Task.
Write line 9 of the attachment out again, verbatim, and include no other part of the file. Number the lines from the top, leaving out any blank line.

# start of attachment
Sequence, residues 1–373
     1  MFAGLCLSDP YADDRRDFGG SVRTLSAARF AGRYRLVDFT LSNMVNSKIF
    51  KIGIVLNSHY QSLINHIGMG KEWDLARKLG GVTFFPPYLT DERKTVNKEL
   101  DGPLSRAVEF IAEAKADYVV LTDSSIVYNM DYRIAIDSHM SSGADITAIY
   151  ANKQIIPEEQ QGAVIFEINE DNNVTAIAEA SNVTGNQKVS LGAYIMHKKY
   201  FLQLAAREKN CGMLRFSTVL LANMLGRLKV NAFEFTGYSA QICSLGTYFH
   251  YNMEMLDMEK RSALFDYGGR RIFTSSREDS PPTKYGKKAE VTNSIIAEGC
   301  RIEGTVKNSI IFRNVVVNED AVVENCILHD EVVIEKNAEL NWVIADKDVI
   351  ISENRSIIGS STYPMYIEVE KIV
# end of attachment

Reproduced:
   351  ISENRSIIGS STYPMYIEVE KIV